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Development, laws make storm damage worse
Letter to the editor
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Editor: We would hope that many would learn from this year’s "natural disasters."

Among other revelations, as described by an MIT climate expert, is that there’s no longer anything "natural" about these storms and the damage they cause. (See "Why it’s time to stop calling these hurricane disasters ‘natural’," by Kerry Emanuel, The Washington Post.)

Unfortunately, state and federal policies are complicit in these events, and taxpayers are burdened with the ever-rising billions in costs for the consequences. In recent news coverage, it’s been reported that FEMA has paid for rebuilding the same at-risk properties that have repeatedly flooded — in some cases laying out a total many times the value of the property itself.

When foolhardy decisions to build in flood-prone areas are cushioned by federal flood-insurance, bad behavior is rewarded. Now we’re told of new FEMA maps that actually LOWER the risk and insurance cost for many areas that face growing hazards in a world of dangerously rising sea-level and devastating storm-surges. Surely — whatever the opportunistic political advantages — this is sheer madness, a recipe for escalating, costly disasters.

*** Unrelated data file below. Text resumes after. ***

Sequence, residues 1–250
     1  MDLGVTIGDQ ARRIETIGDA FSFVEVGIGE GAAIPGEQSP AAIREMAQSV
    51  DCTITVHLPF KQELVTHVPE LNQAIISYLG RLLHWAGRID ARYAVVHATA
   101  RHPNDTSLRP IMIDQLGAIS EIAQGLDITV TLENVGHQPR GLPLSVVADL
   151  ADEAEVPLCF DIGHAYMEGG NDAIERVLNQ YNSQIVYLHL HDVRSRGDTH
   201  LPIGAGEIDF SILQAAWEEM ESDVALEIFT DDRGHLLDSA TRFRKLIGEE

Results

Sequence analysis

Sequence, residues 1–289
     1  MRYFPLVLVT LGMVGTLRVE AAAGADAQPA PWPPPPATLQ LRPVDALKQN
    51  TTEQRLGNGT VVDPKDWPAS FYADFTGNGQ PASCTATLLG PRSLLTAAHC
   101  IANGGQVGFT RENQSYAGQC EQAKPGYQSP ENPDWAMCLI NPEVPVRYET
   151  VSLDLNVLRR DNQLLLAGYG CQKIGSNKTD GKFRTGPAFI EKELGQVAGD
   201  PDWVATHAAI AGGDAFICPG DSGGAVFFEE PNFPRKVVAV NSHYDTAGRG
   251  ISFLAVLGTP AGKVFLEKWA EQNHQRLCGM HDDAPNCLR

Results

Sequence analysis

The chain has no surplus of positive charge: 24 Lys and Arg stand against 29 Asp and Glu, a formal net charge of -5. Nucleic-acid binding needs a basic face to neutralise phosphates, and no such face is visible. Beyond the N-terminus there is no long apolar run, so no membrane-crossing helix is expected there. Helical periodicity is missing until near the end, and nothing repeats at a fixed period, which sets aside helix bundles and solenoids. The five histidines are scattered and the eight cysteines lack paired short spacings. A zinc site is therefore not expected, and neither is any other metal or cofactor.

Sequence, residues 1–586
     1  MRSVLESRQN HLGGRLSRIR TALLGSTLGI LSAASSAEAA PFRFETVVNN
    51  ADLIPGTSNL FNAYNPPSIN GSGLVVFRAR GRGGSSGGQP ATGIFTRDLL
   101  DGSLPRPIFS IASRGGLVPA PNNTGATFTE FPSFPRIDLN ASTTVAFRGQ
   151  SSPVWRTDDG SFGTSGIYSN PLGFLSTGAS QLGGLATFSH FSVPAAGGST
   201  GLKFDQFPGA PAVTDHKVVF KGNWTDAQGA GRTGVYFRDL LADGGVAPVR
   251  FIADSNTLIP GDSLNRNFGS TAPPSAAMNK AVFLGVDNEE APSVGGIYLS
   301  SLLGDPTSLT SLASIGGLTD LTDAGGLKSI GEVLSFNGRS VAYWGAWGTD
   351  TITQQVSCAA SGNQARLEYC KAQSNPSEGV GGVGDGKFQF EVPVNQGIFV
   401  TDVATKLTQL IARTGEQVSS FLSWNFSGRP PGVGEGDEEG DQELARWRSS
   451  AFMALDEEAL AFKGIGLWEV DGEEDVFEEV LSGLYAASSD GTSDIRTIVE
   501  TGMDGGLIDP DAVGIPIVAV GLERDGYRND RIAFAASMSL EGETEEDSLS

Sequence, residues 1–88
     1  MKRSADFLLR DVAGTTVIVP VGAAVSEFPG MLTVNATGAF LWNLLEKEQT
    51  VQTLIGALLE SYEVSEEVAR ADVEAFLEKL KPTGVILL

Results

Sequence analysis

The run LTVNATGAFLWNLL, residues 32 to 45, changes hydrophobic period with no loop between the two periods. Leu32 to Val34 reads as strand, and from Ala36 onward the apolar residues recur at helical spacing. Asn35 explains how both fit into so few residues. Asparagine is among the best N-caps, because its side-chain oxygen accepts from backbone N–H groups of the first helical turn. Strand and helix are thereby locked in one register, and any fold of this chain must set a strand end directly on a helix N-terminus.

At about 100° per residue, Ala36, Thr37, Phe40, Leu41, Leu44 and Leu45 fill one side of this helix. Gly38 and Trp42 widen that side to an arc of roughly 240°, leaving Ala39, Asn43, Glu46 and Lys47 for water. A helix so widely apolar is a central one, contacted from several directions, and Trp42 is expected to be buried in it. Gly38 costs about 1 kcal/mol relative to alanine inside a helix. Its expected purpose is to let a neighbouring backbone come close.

Even worse, many continue to blithely compound these problems by dogmatically denying well-documented science that demonstrates how burning fossil fuels is adding to both rising seas and storm intensity.

Until we come to grips with unsavory realities by following the lead of Atlanta and other cities by aiming to deeply curb fossil-fuel use, hurricane seasons will take greater tolls, and our future will be darkened by self-inflicted tragedy.

David C. Kyler

Center for a Sustainable Coast

St. Simon’s Island

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